246,662 9/ 1861 Cox ..74/110 Primary Examiner-William F. ODea Assistant Examiner-Wesley S. Ratliff, Jr. Att0meyStevens, Davis, Miller & Mosher [5 7] ABSTRACT A control system for a tool holder which is attached to one of a pair of elements which are hinged together at one end and are normally urged toward each other at the other end. A control member such as a push rod extends through a hole in the other of the elements and actuates a lever in a chamber between the two elements. The end of the lever away from the control member is held between two relatively closely spaced fulcrum points on the two elements so that a given movement of the control member results in a substantially reduced corresponding areuate movement being transmitted tothe clement carrying the tool ltoltk-r. Preferably the lever has a pair of opposite hliml passages having partially overlapping cmsssectional contours with a wafer of resilient plastic material interposed in the bottoms of these passages, and with bearing studs connected to the two elements being received in the passages and engaging on opposite sides of the wafer.

7 Claims, 5 Drawing Figures TOOL HOLDERS WITH CONTROLLED TOOL MOVEMENT This invention relates in general to tool holders and more particularly to tool holders having a controlled tool movement characteristic.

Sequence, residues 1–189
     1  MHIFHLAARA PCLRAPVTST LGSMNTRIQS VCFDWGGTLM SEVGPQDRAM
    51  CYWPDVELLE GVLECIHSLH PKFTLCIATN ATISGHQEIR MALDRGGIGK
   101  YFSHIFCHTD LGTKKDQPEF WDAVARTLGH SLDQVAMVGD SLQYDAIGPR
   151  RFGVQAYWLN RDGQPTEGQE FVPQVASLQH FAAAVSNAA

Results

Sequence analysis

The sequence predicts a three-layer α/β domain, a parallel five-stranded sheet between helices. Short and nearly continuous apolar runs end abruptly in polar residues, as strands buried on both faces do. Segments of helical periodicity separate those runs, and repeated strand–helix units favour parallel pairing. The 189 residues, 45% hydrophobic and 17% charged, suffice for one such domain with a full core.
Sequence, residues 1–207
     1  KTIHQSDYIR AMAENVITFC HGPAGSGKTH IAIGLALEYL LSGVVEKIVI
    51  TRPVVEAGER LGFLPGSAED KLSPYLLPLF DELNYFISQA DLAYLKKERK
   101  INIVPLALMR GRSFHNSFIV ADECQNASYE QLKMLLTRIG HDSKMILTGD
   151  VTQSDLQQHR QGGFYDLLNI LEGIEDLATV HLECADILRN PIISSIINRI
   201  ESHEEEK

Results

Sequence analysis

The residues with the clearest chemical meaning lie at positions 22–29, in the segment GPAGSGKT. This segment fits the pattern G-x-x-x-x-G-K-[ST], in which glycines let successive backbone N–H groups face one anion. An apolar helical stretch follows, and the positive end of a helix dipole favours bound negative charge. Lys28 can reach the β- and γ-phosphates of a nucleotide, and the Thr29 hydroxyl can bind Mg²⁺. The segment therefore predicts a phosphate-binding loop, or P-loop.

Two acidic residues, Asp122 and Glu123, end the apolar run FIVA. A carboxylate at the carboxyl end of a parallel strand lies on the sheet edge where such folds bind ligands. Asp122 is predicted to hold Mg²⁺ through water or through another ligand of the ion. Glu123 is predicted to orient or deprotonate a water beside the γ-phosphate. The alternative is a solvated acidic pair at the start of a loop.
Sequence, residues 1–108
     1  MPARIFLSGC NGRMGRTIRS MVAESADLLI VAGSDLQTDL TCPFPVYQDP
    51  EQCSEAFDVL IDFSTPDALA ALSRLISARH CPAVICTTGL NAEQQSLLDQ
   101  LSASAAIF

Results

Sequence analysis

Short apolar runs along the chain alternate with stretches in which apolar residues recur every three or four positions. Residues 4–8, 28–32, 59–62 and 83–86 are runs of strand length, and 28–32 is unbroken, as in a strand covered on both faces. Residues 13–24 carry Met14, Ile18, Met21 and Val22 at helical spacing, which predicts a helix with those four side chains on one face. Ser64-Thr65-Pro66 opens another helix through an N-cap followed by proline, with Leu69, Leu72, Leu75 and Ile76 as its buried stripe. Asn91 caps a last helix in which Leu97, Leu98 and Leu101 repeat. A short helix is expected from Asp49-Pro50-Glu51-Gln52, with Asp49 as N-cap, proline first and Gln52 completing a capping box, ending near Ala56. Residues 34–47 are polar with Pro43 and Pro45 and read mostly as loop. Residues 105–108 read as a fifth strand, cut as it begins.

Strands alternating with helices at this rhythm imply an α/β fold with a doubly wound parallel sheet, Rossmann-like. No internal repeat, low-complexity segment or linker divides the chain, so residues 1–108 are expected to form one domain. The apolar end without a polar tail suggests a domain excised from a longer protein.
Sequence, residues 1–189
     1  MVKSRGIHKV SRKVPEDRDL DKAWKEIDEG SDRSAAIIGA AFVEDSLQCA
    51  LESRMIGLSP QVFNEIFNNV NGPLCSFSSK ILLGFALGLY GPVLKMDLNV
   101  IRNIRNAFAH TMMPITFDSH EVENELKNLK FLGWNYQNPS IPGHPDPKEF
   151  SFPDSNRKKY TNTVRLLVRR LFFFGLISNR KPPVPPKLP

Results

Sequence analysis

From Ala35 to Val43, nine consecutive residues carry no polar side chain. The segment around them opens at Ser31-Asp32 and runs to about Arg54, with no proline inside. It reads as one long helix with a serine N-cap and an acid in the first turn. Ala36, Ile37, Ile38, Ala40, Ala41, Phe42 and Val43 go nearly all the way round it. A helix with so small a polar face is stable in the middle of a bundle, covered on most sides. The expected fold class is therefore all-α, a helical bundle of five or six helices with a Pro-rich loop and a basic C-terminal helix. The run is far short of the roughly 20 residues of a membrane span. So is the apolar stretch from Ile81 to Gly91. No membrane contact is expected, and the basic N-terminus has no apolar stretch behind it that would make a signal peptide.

It is known that in the finishing machining of massproduced parts on automatic-cycle machine tools it is highly desirableto have the possibility of introducing a tool wear correction in order to take full advantage of the automatic machining feature. It is also necessary to use a tool holder characterized by a great stiffness but responsive to the tool feed means which must be capable of transmitting micrometric movements with fidelity and accuracy under considerable loads.

It is the object of the present invention to provide a tool holder capable of meeting these various yet contradictory requirements.

The tool holder according to this invention is characterized essentially in that it comprises two elements adapted to be moved angularly away from each other against a resilient force, one element being displaceable away from the other element constituting the tool holder, this arrangement further comprising a push member extending through one of said elements and adapted to control this movement, a lever interposed between said push member and a pair of relatively closely spaced fulcrum points of said elements, in order to introduce a reduction ratio leverage into the push member to tool holder element control system.